Andrew Wasson. Graduated from Hollywood California's Guitar Institute of Technology. Operates Music School and CreativeGuitarStudio.com
Posted on Oct 02, 2014 02:09 pm
Andrew Wasson of Creative Guitar Studio answers questions from off of his Guitar Blog website.
Q). I recently watched your video titled "Understanding the Harmonic Minor Scale" and it really helped me with getting the basics down for Harmonic Minor's theory. But, now that I've started to get into trying to actually use the Harmonic Minor, I'm finding that I have trouble at developing licks with it. Would you consider making another video dedicated to licks of the Harmonic Minor Scale? Cliff – Eugene, OR. USA
A). The use of the Harmonic Minor Scale has a number of different functions, all of which are useful in their own unique ways. Start the lesson, by watching the video below...
Video lesson (with on-screen TAB):
Modified fifth (V) harmonic degree:
In a popular application, we find musical situations such as a "Major," or a, "Dominant 7th," five (V) chord in a minor key progression, we can apply the sounds of Harmonic Minor scale built from the same tonic note as the key center.
This would mean, that if we were in the key of "A Natural Minor" (which contains a fifth chord of "E Minor"), and we noticed that the five chord was converted from its normal minor quality, over into either a major chord (E Major), or into a Dominant 7th chord, (E7), we could apply the "A Harmonic Minor" scale over-top of that modified "E chord-type."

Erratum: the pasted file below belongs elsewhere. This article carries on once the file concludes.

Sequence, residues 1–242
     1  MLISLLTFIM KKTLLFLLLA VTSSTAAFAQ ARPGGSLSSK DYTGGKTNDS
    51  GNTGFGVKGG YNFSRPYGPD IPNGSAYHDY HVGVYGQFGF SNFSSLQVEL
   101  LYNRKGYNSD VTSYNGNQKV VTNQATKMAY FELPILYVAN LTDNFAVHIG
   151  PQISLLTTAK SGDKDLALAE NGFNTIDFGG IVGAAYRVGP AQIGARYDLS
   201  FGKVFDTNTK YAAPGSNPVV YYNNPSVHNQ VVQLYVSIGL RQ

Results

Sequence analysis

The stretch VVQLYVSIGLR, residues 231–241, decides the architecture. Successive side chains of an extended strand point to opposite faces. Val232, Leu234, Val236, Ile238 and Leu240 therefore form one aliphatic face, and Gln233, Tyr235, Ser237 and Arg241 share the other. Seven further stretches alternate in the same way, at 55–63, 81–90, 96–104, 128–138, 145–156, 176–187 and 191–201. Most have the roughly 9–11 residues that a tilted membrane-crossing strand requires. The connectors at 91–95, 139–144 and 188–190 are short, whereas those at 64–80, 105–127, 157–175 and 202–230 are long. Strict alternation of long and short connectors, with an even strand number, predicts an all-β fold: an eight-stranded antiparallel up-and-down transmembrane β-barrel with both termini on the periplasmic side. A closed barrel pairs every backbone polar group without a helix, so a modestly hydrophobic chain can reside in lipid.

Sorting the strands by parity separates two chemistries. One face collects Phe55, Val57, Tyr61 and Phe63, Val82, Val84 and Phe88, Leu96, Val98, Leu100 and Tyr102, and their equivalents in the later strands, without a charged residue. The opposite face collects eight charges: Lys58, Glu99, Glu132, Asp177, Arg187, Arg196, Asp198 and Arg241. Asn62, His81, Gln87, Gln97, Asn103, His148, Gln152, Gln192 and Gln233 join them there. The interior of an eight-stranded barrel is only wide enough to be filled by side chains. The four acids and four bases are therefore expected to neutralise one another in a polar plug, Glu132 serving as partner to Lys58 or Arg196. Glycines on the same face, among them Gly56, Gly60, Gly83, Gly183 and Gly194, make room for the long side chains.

Modified seventh (VII) harmonic degree:
Another, "Harmonic Minor," situation is when we find a raised 7th harmony degree in a progression operating as a "Diminished 7th" chord." If we again used an example from the key of "A Natural Minor," we might see a "G# dim.7" chord either along with the proper "G Major or 7th" or perhaps we might see the "G# dim.7" operating by itself. Regardless, we can play "A Harmonic Minor" over the appearance of, "G# dim.7."
Minor II-V chord progressions:
Whenever we're playing over a Minor Key "II-V" (which is popular with a lot of Jazz and Latin numbers), the Harmonic Minor can pull us through once again!
But, it doesn't end there. When we experiment with Harmonic Minor in all kinds of other minor key environments, we are going to find that its licks can be manipulated to work for almost every one of the minor concepts using the extremely versatile sounds of this scale. Your best bet is to experiment, try out different situations and if you can make the Harmonic Minor work, then go for it. Chances are you'll be able to force it into a lot of unexpected minor key musical situations.
About the Author: Andrew Wasson is a 1992 Graduate of Hollywood California's Guitar Institute of Technology (G.I.T.). He has operated his Canadian Music School; Creative Guitar Studio, for the last 20+ years teaching thousands of guitarists both in studio sessions, and through his popular YouTube Channels and websites. Hundreds of FREE lessons are available at www.andrewwasson.com.